The winding thoroughfare is filled with souvenir shops and local eateries. It will be lunchtime by this point, so if you’re hungry, try one of the local specialties: soba, ayu fish, buta miso don (miso marinated pork on rice) and, of course—kakigori.
Snack on tabe-aruki (street food)
Normally, eating while walking is not the ‘done thing’ in Japan. But more and more recently, tabe-aruki (食べ歩き), or ‘eating and walking’ food, has been popping up in various tourist spots. Miyajima, anyone?
Here in Nagatoro, you can get a hot senbei rice cracker, straight from the grill or a sweet taiyaki filled with either azuki bean paste or custard. For something a little more modern, stop in at Chichibu Beer for a drink and a Gare Dog (miso-pickled pork sausage wrapped in a galette). Mmm!
Climb over the Iwadatami Rocks
If you follow Iwadatami dori to its end, you’ll arrive at its namesake attraction: the Iwadatami rock formation. Formed by ancient tectonic movements, this series of long, flat rocks spans 80 meters by 500 meters and runs alongside the Arakawa River. When viewed from a height, it rather resembles a pile of haphazardly strewn tatami mats, which is actually how it came to be named. For the geology crowd, there is also a variety of potholes, strata, faults and cliffs to see. But, for the casual daytrippers, the rocks are simply a fun place to explore or sit peacefully and watch the world go by. Read more about them here.
Take a boat ride on the Arakawa River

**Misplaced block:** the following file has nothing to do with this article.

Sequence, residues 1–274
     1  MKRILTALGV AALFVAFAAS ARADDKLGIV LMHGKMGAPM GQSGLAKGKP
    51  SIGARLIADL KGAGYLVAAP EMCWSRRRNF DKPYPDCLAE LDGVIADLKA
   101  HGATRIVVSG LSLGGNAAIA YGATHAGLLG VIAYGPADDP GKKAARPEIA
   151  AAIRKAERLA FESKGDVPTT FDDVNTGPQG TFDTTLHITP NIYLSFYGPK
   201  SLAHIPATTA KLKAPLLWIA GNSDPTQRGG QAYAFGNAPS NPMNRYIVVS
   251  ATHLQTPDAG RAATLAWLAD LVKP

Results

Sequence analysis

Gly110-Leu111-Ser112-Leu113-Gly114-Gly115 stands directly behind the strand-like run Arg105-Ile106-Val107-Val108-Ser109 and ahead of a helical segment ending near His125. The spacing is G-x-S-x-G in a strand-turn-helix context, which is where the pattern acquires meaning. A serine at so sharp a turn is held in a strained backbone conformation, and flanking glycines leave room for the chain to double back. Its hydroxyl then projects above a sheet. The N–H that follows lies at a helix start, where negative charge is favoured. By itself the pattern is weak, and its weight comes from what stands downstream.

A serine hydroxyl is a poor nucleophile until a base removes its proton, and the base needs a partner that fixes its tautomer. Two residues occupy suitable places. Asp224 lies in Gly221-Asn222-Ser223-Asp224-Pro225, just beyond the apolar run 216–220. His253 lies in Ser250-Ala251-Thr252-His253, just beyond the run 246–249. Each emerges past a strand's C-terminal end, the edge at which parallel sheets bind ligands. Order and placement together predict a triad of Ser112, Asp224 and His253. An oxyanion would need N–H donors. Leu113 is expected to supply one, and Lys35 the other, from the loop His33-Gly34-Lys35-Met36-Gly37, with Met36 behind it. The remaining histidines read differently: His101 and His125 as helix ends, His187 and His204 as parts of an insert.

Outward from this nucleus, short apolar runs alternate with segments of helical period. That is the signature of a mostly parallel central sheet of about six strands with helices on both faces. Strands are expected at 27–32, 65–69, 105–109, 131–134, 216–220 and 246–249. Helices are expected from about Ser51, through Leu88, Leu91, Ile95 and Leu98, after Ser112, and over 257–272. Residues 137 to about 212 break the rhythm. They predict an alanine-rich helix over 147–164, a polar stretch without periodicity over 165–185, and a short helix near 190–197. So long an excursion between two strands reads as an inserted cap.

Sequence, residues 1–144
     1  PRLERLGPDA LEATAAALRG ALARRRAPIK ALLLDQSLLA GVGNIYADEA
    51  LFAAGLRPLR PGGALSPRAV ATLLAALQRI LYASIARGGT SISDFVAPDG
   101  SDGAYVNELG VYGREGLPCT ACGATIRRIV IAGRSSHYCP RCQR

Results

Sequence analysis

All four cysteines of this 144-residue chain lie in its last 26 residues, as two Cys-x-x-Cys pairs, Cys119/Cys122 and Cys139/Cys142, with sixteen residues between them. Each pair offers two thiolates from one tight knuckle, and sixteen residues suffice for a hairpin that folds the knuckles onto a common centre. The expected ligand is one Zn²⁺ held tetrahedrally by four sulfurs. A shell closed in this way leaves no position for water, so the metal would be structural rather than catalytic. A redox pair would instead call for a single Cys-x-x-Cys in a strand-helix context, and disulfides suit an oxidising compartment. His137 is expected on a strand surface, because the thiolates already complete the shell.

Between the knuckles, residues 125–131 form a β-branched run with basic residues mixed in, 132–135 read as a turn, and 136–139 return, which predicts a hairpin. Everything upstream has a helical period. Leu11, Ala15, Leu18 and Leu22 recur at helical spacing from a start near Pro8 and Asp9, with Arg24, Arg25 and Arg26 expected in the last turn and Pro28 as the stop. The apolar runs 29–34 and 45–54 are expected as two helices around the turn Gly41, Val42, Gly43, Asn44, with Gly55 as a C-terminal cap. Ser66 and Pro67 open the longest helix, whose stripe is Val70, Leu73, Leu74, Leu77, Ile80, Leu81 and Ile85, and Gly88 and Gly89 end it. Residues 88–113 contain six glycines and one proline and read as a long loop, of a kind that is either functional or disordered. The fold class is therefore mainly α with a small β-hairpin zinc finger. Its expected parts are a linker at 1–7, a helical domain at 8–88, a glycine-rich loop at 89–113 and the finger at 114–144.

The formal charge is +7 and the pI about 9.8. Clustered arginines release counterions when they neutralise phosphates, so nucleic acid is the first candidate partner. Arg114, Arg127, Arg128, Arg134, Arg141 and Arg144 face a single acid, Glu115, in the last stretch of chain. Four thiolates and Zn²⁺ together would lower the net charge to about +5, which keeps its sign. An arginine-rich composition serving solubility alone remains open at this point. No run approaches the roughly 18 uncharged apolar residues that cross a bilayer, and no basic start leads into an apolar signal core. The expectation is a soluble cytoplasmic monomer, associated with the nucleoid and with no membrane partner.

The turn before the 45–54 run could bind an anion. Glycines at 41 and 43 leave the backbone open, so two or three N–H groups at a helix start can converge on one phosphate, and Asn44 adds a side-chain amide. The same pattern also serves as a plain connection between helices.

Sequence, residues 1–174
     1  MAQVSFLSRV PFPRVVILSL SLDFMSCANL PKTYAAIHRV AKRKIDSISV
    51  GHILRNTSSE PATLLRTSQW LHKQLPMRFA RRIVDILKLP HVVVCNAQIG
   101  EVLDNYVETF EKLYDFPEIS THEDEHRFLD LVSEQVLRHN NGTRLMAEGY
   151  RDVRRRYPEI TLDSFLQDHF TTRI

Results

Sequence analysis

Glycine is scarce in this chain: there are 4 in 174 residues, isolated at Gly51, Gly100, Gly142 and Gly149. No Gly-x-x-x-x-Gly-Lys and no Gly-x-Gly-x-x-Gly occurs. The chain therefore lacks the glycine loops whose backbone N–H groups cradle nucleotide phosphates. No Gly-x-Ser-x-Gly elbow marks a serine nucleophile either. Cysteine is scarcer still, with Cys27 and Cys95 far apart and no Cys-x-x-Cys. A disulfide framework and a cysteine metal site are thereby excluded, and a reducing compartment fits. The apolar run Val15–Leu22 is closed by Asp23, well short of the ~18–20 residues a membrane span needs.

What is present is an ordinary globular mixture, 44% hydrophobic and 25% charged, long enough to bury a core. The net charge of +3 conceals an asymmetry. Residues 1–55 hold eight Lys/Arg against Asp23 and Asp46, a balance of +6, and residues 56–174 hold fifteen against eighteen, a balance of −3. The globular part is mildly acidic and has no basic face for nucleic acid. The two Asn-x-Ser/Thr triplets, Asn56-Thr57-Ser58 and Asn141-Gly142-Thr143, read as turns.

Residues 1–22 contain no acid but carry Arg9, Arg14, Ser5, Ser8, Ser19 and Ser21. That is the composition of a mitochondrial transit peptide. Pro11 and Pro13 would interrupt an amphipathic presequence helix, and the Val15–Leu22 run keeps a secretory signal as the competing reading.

The last activity of the day, if you’re up for it, is Nagatoro’s most popular activity: river boating. There are a number of companies located around the station offering wooden boat rides, kayaking and white water rafting experiences, so take your pick! There are rapids to the right of the Iwadatami rocks, while downstream is much calmer. Fun fact: in winter, there are even kotatsu boats which keep you warm while you’re zipping down the river!
You shouldn’t have any trouble getting tickets on the same day as boats depart every 5-20 minutes; just be aware that things wrap up at 4 pm, so don’t leave it too late! Of course, if you are visiting at a peak time (weekends, holidays, summer) or are a large group, it may be worth reserving your afternoon time slot in the morning before you start your hike. You can find out more about the different costs from the Tourist Information Office by the station.
If you can picture yourself in Nagatoro for more than a day, we get it. And with lots of accommodation nearby, it’s totally possible. There are longer hikes and plenty more to do in the wider Chichibu area, including a nice hot mineral bath at the end of a long day.
Whether you experience Nagatoro during spring cherry blossom season, the autumn colours, the verdant greens of summer or even from a warm kotatsu boat, you’re guaranteed to be charmed by this fun little nature escape. And as you head back to Tokyo, watching the greenery fade and the neon return, we’re sure you’ll be calmer and ready to be dazzled once more by the city lights.
You can reach Nagatoro in around 2 hours from Ikebukuro or Ueno Stations costing roughly ¥2,000 each way.
From Ikebukuro Station, take the Seibu Chichibu Line to Chichibu. Walk 5 minutes to Ohanabatake Station and take the Chichibu Railway toward Hanyu or Kumagaya. Get off at Nagatoro Station.
From Ueno Station, take the Takasaki Line to Kumagaya, then change to the Chichibu Railway toward Mitsumineguchi. Get off at Nagatoro Station.
Read more on the Nagatoro tourism website here.
Post by Japan Journeys.